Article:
Latin pop star Ricky Martin performs during a concert  in Las Vegas in 1999.

Latin pop star Ricky Martin performs during a concert in Las Vegas in 1999.

(Wally Skalij / Los Angeles Times)

If anyone was primed to become a major pop star in the United States, it was Martin.

His chance to win over an English-speaking music audience would come on Feb. 19, 1999. After some arm-twisting by Mottola, the Recording Academy invited Martin to perform at the 41st Grammy Awards.

“We had enormous leverage at that time with almost every major superstar on our label,” Mottola told Billboard in 2019. “We heavily voiced our ‘opinion and influence and said, ‘Ricky must have a performance on the Grammys.’ No was not an option.”

Martin did not disappoint, receiving a standing ovation from the audience at the Shrine Auditorium in Los Angeles after electrifying attendees with an English rendition of his World Cup hit that featured plenty of horns and drums. Madonna was so blown away by the Puerto Rican pop star that she was seen clinging to him backstage — by this time, the Material Girl had agreed to record a track with Martin for his upcoming English debut.

(As a side note, the 1999 awards show was also historically significant because it is where the Recording Academy announced creation of the Latin Grammys.)

All of a sudden, everybody wanted a piece of Martin, and the fanfare that followed his Grammy performance all but ensured that “Livin’ La Vida Loca” would debut with a bang — the single would sell more than half a million copies in the U.S. alone within a matter of weeks.

That momentum propelled Martin’s eponymous album to the top of the Billboard 200 after its release, selling 661,000 copies in its first week (by the year’s end, “Ricky Martin” would sell 6 million copies, making it the third bestselling album of 1999, behind the Backstreet Boys’ “Millenium” and Britney Spears’ debut, “…Baby One More Time”). As The Times reported, fans waited hours in line at the Virgin Music Store in West Hollywood to be among the first people to buy the album at midnight.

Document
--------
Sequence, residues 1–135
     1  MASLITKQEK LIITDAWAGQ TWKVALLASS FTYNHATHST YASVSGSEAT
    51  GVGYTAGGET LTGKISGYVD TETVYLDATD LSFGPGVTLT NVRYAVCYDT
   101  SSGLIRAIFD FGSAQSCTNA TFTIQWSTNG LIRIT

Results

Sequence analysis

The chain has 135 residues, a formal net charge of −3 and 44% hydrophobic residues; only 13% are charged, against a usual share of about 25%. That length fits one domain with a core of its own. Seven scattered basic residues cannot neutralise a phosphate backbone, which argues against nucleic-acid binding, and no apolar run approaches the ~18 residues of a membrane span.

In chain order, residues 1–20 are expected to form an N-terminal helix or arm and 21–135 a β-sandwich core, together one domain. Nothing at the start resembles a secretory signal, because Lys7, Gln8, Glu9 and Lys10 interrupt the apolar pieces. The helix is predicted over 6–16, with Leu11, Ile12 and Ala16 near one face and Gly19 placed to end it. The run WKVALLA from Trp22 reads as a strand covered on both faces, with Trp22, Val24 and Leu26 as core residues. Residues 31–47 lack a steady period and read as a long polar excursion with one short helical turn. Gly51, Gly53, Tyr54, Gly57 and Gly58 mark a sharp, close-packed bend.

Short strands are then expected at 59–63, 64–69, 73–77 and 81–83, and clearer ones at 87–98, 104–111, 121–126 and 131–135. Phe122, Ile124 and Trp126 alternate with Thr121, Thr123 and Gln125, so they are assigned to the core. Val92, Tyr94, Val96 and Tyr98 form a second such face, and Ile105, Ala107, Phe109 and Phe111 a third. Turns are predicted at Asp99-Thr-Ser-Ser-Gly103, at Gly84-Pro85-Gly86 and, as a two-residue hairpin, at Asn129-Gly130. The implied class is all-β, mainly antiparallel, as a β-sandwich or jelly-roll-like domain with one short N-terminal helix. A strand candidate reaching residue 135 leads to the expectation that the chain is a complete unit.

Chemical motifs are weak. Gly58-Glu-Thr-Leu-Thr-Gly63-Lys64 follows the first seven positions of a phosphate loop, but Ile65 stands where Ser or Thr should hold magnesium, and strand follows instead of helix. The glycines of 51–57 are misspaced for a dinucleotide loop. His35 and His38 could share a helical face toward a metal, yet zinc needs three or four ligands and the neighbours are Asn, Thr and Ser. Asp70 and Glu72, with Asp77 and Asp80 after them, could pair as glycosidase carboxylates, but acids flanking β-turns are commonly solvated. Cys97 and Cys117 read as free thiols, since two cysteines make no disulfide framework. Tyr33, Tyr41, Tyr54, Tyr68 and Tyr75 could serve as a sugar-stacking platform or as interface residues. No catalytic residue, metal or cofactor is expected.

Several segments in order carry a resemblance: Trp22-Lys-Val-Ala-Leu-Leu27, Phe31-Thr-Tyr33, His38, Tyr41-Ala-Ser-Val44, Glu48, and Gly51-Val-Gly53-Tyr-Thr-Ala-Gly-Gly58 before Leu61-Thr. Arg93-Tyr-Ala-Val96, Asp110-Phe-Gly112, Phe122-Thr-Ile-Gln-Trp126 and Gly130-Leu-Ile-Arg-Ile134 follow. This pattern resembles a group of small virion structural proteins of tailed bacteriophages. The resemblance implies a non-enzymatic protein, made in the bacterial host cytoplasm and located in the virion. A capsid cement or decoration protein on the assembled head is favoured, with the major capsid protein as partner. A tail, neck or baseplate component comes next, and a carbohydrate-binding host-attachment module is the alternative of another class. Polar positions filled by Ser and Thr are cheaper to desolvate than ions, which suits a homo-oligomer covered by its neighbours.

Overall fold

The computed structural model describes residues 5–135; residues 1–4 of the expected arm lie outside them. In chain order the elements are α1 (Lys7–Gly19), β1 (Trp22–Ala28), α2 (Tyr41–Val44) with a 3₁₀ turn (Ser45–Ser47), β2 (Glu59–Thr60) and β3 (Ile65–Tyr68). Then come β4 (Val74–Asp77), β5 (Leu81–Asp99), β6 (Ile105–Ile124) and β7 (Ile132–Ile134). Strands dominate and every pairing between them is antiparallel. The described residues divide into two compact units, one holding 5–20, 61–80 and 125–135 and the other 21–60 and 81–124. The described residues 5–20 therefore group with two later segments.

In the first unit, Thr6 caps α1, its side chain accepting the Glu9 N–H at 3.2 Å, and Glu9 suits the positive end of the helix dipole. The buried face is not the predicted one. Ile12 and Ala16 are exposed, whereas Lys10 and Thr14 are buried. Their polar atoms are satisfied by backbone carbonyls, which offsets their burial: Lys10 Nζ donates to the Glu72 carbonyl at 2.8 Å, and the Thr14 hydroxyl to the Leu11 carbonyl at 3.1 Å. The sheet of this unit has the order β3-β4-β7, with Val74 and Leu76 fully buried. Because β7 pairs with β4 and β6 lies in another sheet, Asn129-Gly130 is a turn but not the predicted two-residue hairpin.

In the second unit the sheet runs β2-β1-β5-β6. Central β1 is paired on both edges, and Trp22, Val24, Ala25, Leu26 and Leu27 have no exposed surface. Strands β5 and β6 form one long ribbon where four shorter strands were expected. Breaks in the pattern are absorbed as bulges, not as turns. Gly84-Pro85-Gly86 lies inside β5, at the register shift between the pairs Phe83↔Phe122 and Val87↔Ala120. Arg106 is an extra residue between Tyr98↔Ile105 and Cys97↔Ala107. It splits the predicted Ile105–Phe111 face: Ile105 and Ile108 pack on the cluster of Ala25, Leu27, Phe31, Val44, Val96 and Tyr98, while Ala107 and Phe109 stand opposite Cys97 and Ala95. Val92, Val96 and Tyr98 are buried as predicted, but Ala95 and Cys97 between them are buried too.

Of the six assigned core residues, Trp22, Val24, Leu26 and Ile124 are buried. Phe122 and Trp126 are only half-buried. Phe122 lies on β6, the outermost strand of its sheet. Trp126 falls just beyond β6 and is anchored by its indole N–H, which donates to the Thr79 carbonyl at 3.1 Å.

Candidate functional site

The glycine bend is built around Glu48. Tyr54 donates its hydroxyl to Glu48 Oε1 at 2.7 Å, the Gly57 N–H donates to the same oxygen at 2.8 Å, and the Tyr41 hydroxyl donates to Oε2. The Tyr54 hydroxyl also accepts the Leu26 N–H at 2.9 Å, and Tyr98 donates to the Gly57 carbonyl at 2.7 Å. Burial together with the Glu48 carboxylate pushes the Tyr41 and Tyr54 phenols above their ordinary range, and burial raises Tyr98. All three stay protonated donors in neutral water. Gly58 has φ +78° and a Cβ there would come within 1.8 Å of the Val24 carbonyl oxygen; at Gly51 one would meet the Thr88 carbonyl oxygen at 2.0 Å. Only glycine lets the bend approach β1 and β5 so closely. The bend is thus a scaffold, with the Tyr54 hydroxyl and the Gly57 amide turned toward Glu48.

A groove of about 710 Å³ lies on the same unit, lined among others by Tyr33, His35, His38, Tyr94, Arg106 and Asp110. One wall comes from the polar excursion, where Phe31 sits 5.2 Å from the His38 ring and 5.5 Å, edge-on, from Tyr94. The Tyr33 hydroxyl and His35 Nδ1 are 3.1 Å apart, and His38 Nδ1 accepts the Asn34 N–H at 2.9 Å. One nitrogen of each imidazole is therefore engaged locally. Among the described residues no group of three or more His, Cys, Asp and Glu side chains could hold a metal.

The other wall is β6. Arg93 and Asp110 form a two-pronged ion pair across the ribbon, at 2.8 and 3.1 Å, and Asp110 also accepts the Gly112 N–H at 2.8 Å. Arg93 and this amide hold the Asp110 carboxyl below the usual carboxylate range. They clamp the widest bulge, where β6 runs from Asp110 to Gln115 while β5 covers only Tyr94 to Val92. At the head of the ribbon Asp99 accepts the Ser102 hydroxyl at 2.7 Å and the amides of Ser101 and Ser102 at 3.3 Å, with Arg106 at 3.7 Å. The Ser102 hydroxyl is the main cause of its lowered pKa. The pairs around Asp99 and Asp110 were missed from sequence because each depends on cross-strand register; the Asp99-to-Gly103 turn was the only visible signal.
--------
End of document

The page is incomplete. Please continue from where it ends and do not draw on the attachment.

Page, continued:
The store was also giving away free tickets to the KIIS-FM Wango Tango concert later that summer at Dodger Stadium — a show that is engraved forever in radio host Rick Dees’ memory.

“I’ve never heard screams like that,” Dees said, recounting the moment he introduced Martin to the crowd. “I didn’t even get to the ‘Mar’ part of Martin.”

Dees, known for his internationally syndicated show “The Rick Dees Weekly Top 40 Countdown,” remembers Martin from his Menudo days.

“He [would] come in and had a glistening tooth smile. He just seemed so happy. It was infectious,” he said, adding that Martin “had the look of a superstar.” He remembers blasting “Livin’ La Vida Loca” on huge Altec Lansing speakers when Martin came to the L.A.-based studio.

“It was the first time he’d ever heard it go out over the speakers at a radio station, and he was giggling and he started dancing and jumping up and down,” Dees said. “It looked like he had swallowed a jackhammer.”

L.A. Times photo editor Raul Roa, who shot many of the up-and-coming Latin stars as a freelance photographer, remembers the Martin craze like it was yesterday.

Latin pop star Ricky Martin performs during a concert  in Las Vegas in 1999.

Latin pop star Ricky Martin performs in Las Vegas in 1999.

(Wally Skalij / Los Angeles Times)

“You could just feel the electricity in the air,” Roa said, “People were dying to get backstage [to see Martin]. They would offer to buy my photo pass from me.”

But what made Martin such a draw? Besides his work ethic, talent and “I can’t believe this is my life” approach to his success, the star also filled a void in the broader pop music landscape.